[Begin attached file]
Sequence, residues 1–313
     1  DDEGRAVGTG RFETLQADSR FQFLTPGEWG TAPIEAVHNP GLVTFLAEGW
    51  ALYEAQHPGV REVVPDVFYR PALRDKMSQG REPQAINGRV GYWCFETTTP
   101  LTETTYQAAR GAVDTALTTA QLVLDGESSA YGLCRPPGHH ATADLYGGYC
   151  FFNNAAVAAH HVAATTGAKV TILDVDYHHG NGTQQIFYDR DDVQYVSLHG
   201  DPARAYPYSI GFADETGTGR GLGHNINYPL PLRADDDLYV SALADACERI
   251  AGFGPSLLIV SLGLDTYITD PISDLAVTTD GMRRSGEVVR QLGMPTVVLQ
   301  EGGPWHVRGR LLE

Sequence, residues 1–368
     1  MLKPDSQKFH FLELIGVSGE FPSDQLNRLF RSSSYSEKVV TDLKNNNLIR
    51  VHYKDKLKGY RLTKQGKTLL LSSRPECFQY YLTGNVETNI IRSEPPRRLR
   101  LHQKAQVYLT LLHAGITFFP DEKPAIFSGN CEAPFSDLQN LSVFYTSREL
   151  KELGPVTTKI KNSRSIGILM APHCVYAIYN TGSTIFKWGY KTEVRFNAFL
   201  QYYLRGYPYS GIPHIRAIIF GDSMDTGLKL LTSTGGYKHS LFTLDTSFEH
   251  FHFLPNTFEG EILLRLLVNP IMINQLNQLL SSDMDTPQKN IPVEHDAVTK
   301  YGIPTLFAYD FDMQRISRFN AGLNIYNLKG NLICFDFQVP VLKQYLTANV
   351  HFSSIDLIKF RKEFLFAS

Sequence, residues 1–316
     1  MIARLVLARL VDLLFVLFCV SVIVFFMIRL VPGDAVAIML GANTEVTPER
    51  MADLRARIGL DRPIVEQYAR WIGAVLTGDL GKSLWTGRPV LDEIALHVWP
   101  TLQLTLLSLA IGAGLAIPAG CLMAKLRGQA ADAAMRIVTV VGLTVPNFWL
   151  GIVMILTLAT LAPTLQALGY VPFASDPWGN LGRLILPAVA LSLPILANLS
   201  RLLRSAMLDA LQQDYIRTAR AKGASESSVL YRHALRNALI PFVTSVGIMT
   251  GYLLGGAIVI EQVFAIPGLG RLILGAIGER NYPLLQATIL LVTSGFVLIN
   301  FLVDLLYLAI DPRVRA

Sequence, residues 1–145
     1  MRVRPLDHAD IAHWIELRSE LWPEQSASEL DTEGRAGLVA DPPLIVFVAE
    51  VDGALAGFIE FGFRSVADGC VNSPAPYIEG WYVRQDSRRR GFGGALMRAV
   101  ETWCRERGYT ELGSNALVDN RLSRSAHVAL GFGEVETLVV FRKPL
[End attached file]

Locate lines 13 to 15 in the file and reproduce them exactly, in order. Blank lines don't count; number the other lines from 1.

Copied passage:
   151  KELGPVTTKI KNSRSIGILM APHCVYAIYN TGSTIFKWGY KTEVRFNAFL
   201  QYYLRGYPYS GIPHIRAIIF GDSMDTGLKL LTSTGGYKHS LFTLDTSFEH
   251  FHFLPNTFEG EILLRLLVNP IMINQLNQLL SSDMDTPQKN IPVEHDAVTK